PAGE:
About Clark Bosslet

As a member of ECG’s Children’s Hospitals practice, Clark works with academic medical centers and pediatric hospitals across the country to help them solve a broad range of financial and operational problems. He has extensive experience evaluating funds flow models, designing faculty compensation plans, and performing fair market valuations for physicians and physician groups. Recently, he worked on a yearlong engagement to integrate two major departments of pediatrics impacting over 500 faculty members and addressing issues related to clinical services, faculty employment and appointment models, residencies and fellowships, and research infrastructure. Previously, Clark worked on a pediatric department review at a major teaching hospital that involved the assessment of clinical and research efforts at the individual faculty and service line level, providing the client with a practical action plan for the future, as well as tools to help the department regularly benchmark its progress. He also helped to develop a regional pediatric strategy for two major pediatric providers in the Greater Seattle area. Prior to joining ECG, he worked as an internal Strategic and Financial Consultant at Texas Children’s Hospital in the finance department, where he performed market analyses and service line reviews, designed and executed patient flow analyses to assist with staffing projections, and led a team of more than 20 in the cross-functional implementation of a state grant valued at over $1 million. Clark earned a master of business administration degree in healthcare from Vanderbilt University and a bachelor of business administration degree from Texas A&M University.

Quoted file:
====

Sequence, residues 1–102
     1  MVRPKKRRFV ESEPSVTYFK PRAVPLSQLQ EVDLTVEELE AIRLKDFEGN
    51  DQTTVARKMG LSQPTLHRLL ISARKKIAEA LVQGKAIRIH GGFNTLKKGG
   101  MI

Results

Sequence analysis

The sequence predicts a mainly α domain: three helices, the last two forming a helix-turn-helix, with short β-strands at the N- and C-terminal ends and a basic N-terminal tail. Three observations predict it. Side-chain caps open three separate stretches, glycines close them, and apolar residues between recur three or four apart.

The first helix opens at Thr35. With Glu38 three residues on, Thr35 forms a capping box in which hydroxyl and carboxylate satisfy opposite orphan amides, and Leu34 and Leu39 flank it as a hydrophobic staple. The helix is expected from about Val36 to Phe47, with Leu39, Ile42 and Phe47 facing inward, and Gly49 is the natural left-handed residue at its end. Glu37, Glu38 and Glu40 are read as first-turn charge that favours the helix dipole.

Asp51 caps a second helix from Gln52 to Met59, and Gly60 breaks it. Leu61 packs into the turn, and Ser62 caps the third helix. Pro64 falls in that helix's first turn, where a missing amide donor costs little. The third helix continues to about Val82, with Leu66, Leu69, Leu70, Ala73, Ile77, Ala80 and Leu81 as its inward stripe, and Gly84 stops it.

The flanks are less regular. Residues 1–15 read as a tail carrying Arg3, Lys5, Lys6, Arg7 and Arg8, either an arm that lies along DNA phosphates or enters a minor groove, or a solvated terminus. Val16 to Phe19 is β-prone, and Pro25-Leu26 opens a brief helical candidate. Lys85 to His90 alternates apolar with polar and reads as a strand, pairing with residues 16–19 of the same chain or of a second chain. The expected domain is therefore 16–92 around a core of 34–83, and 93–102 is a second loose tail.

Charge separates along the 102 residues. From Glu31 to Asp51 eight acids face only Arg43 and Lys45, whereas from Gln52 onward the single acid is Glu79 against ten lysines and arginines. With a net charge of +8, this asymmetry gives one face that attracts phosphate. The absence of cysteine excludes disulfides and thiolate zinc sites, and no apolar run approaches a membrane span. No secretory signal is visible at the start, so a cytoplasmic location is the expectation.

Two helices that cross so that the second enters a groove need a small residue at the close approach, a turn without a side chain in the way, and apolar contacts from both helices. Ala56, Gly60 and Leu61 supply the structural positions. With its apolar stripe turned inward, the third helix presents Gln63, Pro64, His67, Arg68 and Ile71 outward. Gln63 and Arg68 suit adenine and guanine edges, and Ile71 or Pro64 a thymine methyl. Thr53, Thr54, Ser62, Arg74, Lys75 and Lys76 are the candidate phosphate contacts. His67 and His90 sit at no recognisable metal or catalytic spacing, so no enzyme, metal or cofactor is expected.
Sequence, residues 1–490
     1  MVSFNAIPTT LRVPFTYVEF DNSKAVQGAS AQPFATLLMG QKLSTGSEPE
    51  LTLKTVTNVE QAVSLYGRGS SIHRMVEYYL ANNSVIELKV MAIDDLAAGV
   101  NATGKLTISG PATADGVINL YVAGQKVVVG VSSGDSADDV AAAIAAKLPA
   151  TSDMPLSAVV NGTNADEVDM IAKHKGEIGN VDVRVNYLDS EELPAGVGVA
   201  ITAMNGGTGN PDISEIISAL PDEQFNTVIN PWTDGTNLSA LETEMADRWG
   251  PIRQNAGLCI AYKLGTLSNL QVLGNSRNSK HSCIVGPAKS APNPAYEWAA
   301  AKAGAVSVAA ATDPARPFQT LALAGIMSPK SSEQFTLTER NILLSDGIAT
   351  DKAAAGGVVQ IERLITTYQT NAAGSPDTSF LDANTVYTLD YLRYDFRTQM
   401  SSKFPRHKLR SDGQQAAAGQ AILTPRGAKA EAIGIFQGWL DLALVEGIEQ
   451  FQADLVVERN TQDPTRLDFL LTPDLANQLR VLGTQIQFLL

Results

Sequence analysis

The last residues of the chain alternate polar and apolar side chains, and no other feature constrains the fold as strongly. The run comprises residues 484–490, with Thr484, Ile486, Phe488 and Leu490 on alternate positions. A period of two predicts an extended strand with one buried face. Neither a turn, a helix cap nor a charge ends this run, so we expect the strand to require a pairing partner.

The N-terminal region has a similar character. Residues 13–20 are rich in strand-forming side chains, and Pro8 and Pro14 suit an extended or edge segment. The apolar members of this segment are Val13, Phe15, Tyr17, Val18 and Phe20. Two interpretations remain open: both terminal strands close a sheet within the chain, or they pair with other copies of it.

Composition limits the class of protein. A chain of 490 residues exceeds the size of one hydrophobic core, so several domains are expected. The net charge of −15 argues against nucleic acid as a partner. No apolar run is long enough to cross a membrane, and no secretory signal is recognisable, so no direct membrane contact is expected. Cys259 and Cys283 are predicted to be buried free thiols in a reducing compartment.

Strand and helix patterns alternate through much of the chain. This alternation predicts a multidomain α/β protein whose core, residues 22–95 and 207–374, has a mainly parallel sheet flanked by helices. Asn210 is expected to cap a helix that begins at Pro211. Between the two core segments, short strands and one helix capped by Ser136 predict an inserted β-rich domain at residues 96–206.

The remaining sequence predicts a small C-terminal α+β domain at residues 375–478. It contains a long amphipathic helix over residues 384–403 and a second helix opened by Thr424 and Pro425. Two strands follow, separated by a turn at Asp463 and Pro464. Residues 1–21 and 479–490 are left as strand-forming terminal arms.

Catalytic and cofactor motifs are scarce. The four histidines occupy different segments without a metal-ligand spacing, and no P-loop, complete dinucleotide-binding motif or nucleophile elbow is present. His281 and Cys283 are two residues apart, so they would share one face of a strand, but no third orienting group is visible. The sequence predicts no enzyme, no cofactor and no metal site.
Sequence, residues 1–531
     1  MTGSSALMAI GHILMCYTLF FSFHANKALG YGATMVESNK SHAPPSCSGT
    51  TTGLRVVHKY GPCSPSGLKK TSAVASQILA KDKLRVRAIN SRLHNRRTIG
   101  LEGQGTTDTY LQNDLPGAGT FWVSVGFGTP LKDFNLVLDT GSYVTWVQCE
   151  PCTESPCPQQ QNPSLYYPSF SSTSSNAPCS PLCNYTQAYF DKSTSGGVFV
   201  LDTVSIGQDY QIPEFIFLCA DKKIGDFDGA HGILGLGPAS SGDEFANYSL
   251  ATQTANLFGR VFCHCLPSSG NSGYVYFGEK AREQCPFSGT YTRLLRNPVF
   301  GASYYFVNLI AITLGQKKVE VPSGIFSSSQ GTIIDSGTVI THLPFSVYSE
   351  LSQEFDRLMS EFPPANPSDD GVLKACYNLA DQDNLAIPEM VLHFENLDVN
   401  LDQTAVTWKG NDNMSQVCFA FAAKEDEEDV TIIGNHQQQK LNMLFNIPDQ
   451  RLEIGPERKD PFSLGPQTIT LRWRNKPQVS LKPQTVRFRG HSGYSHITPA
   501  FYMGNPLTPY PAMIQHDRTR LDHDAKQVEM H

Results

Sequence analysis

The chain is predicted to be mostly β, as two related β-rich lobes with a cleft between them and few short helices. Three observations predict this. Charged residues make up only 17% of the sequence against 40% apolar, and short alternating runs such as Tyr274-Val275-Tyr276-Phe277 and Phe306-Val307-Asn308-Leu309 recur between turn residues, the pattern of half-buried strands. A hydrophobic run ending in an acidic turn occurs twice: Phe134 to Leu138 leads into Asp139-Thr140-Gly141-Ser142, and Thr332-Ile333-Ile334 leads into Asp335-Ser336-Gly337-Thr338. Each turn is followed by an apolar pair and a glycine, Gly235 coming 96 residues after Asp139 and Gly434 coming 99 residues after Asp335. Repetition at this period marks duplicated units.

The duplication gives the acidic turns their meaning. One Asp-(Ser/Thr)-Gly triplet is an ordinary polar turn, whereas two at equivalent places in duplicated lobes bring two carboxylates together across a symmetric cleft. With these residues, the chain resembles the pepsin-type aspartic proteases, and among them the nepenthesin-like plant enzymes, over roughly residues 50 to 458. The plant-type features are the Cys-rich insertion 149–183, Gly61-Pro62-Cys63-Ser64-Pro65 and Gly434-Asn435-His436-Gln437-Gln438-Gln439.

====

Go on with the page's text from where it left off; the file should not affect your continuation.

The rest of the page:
Pediatric Post-Discharge Follow-Up: How to Get it Right

This post was written by Clark Bosslet, Manager, and Shelby Jergens, Senior Consultant.

In an earlier post, we talked about five key benefits pediatric units realize when they adopt the practice of making post-discharge follow-up calls to patient family members. In this post, we’ll look at call strategies, tactics, and even provide a sample script to guide hospital staff as they incorporate this follow-up model into their standard discharge process. Continue reading

A Call Worth Making: 5 Benefits of Pediatric Post-Discharge Follow-Up

This post was written by Clark Bosslet, Manager, and Shelby Jergens, Senior Consultant.

The moment of discharge following a long-term stay in a pediatric inpatient unit is emotional and chaotic. It is a huge relief for families to take their child home, but it can also be nerve-wracking to leave the safety of the hospital. The verbal instructions and bundle of paperwork received at discharge provide reassurance, but as families settle back in at home, their recollection of these important details can become hazy. Many hospitals have found that the best way to reengage families with their child’s care plan and increase patient adherence is to have familiar nurses or other advanced practice providers (APPs) from the unit follow up by phone within a few days of discharge. This practice has several key benefits: Continue reading

Pediatric-Research Affiliations – A Culture Clash With Upside

As the healthcare industry delves more deeply into a system driven by value-based care delivery, the effects of reform mandates are becoming more pronounced for children’s hospitals. Shrinking margins and financial pressures have led pediatric providers to revisit long-standing affiliation agreements and explore new modes of partnership.

A similar dynamic has unfolded with regard to research enterprises. Ongoing cuts to traditional sources of public funding are a growing concern for pediatric hospitals and their affiliated AMCs. NIH funding decreased 10% between 2010 and 2013,1  a drop felt most profoundly by smaller research centers. Public funding has recovered since that time but has yet to achieve its previous heights, leading some children’s hospitals to alleviate their financial constraints by pursuing partnerships with nontraditional sources – such as pharmaceutical and biotech companies. Continue reading